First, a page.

On the east bank of the Barrow in County Carlow, 8km downstream from Graiguenamanagh, lies the gorgeous village of ST MULLINS, its dwellings appealingly arranged at the bottom of a valley around the village green. Opposite the green is a perfectly dome-shaped castle earthwork and just behind are the remains of a monastery founded by St Moling in 696, consisting of the remnants of a medieval church and a round tower’s stump.
WEXFORD is a happy-go-lucky kind of town with plenty of scope for enjoying music in its pubs, but it has its serious side too, not least in the shape of its internationally renowned opera festival. There are few sights to see in the town itself – more is on offer in the surrounding area – but the appeal of the place lies in its atmosphere and setting: its long, narrow medieval lanes huddle for shelter inland of the exposed quays, which line the southern shore of the wide Slaney estuary, with the railway line to Rosslare dividing the main road from the promenade and a busy little marina.
The town began life as a Viking base for incursions and trading, before becoming an early Anglo-Norman conquest in 1169. Wexford later housed an English garrison whose loyalty to the Crown resulted in vicious fighting against Cromwell’s army in 1649. The town also played a significant role in the 1798 Rebellion, which was finally quelled at Enniscorthy. Wexford’s lengthy quays pay testimony to its re-emergence as a prosperous trading centre in the nineteenth century, though gradual silting of the harbour’s entrance and the development of Rosslare Harbour led to its demise as a competitive port.
To Wexford’s north lies Ireland’s premier wildfowl sanctuary, Wexford Wildfowl Reserve, beyond which the coastline is punctuated by some lovely sandy beaches: 10km from town, past Curracloe, lies the sprawling, dune-backed Ballinesker Beach, which deputized for Omaha Beach as the site of the D-Day landings in Stephen Spielberg’s World War II epic Saving Private Ryan; and further up the coast near Kilmuckridge is another broad beach popular with families, Blue-Flag Morriscastle, known as “the golden mile”.
To the west of Wexford is the impressive Irish National Heritage Park, while to the south runs rather bland countryside, though the ornate gardens of Johnstown Castle and the Irish Agricultural Museum are well worth visiting. The small seaside resort of Rosslare has a splendid beach, much enjoyed by families in summer, while Rosslare Europort is a major point of entry into Ireland. A little further out of the county town’s orbit, energetic Enniscorthy is best known for its associations with the 1798 Rebellion, which is commemorated in an excellent museum.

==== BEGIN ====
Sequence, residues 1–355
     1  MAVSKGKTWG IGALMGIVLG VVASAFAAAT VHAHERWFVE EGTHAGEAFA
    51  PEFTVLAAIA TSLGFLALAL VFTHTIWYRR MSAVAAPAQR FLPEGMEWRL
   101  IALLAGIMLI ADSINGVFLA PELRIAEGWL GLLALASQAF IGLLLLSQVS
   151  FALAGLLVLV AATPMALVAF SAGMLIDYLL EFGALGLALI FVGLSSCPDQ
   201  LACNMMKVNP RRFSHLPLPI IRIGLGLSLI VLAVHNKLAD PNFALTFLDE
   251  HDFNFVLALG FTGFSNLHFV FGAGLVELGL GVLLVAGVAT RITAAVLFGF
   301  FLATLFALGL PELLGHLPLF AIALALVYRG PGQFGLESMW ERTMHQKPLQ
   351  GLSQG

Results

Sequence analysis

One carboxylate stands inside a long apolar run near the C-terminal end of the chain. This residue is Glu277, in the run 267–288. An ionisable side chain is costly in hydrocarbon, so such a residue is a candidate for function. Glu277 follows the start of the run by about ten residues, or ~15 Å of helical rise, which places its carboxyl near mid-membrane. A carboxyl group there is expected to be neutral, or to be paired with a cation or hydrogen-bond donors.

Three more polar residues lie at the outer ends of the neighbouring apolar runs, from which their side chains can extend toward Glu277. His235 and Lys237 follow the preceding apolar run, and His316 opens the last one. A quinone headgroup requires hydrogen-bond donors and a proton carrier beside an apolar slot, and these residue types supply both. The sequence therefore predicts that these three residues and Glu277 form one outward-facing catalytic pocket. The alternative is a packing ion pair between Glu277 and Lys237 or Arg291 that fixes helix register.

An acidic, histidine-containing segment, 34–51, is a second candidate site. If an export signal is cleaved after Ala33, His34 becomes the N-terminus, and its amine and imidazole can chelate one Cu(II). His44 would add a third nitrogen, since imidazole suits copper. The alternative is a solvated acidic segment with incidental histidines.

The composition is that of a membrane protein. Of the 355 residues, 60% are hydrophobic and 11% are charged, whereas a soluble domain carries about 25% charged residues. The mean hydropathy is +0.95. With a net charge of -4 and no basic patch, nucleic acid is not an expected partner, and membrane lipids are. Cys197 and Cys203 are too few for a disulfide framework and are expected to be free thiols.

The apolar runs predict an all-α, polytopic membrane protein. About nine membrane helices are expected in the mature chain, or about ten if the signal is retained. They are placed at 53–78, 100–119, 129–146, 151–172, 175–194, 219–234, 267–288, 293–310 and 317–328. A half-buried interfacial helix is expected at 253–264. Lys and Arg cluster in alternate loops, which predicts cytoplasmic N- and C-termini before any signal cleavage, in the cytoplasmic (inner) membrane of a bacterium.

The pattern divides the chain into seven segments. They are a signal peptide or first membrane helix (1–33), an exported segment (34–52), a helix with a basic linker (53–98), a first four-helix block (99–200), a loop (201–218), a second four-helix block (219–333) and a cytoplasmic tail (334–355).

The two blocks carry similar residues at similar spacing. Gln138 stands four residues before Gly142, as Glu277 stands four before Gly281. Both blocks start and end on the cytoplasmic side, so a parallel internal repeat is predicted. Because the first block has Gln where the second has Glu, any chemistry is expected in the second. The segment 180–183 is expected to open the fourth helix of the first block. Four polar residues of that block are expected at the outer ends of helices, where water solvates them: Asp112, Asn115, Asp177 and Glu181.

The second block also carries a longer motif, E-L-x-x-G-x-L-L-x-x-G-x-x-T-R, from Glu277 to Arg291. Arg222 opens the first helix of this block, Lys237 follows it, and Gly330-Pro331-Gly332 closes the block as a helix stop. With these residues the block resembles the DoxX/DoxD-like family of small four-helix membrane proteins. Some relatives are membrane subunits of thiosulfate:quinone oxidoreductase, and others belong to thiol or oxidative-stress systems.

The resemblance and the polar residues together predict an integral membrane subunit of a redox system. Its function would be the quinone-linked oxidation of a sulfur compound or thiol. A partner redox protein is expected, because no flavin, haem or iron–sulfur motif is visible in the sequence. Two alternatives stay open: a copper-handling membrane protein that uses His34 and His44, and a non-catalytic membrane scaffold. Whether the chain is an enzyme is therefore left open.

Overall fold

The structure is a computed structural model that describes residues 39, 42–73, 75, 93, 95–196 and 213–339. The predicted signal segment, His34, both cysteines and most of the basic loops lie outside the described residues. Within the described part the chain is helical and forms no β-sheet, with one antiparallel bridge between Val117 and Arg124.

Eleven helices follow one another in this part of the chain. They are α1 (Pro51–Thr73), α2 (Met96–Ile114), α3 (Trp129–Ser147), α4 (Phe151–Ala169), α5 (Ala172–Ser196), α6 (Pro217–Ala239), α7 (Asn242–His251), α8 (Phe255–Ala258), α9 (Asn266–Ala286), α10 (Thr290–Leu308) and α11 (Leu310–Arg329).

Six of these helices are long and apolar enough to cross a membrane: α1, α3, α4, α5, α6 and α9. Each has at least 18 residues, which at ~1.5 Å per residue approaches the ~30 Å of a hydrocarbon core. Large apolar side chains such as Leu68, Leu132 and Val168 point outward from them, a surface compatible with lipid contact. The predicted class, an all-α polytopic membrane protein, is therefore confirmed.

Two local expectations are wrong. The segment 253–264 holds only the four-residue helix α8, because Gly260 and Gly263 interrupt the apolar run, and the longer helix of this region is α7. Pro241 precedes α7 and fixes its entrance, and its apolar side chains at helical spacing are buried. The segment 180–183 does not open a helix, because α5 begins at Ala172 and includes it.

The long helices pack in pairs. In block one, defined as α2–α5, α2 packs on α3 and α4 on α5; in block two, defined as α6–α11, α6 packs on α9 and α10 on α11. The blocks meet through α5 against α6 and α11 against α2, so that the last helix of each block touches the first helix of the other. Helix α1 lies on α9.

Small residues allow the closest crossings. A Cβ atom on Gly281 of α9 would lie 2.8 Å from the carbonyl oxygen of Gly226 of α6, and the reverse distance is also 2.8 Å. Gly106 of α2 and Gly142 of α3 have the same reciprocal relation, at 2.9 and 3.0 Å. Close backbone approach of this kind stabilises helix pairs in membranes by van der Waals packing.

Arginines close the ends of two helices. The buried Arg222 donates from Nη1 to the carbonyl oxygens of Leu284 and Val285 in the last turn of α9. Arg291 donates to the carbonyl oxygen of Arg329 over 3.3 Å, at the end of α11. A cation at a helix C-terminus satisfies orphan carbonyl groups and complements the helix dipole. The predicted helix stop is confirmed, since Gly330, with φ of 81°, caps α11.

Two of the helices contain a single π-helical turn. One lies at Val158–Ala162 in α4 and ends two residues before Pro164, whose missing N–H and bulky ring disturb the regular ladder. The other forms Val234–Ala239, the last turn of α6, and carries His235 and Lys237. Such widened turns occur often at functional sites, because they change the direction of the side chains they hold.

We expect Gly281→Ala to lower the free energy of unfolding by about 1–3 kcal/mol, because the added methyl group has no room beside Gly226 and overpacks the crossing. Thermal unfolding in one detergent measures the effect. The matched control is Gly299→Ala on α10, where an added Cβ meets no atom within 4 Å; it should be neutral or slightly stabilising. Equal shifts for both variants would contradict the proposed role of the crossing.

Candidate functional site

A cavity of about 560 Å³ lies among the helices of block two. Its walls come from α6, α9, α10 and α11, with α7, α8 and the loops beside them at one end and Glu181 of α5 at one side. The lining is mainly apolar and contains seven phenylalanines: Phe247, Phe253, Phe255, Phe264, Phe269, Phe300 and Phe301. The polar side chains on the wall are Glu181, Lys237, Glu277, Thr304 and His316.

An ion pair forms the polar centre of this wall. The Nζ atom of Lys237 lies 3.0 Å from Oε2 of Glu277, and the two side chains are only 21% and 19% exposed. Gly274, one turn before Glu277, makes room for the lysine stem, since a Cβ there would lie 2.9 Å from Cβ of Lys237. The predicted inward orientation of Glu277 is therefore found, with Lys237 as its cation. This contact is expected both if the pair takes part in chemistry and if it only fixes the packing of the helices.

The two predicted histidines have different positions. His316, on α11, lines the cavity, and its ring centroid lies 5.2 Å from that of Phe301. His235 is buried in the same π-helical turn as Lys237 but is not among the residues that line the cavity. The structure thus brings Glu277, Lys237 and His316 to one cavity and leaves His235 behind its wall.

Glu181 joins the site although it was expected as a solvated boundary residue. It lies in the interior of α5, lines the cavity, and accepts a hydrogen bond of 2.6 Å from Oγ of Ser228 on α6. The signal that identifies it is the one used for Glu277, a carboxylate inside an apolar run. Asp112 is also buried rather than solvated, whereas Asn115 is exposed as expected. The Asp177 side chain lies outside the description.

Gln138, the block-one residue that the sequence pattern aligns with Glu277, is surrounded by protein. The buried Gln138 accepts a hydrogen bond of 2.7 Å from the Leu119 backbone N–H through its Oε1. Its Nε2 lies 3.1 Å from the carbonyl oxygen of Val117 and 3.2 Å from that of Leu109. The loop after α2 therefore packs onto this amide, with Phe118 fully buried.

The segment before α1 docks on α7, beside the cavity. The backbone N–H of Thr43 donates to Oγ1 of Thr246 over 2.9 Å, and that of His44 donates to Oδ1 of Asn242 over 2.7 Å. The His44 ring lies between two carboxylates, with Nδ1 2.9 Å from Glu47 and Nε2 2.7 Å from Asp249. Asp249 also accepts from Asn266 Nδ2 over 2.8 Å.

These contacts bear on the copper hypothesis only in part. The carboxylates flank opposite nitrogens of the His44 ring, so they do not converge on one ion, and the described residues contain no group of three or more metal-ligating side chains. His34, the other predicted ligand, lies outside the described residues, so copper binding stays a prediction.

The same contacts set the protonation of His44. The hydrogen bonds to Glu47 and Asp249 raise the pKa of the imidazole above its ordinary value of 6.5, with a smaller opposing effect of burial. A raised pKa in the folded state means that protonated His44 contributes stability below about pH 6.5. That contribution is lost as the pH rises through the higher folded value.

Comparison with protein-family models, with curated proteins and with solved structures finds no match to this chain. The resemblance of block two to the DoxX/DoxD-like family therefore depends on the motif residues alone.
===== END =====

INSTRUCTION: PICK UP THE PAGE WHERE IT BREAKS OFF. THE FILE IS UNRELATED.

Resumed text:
Around 24km north of Wexford, the attractive old town of ENNISCORTHY straddles the River Slaney, its main streets rising steeply from the west bank towards the Market Square. From the square, Rafter Street leads south after a ten-minute walk to the National 1798 Centre, a high-tech sound-and-vision fest, capturing the excitement of events prior to the Rebellion, the rising itself and its aftermath, all cogently set within broader intellectual and political contexts that brought about American independence and the French Revolution. There’s a marvellous display on the conflict between revolution and counter-revolution set out on a giant chessboard. Another highlight is an audiovisual featuring an enthralling debate between actors playing the roles of the Dublin-born Whig politician and philosopher Edmund Burke and Thomas Paine, the English radical and American revolutionary whose Rights of Man (1792) was a direct riposte to Burke’s more conservative Reflections on the Revolution in France (1790). It was on the gorse-covered Vinegar Hill, opposite on the Slaney’s eastern bank, that the rebels of 1798 met their demise at the hands of British forces.
Just west of Market Square along Main Street, St Aidan’s Cathedral is an imposing Gothic Revival edifice, designed in the mid-nineteenth century by Augustus Pugin, whose other works include Killarney’s cathedral and the interior of the Palace of Westminster. As well as impressively high pointed arches, the cathedral features an oak carved pulpit, beautiful stained-glass windows depicting saints and bishops, and a small exhibition on Pugin’s career.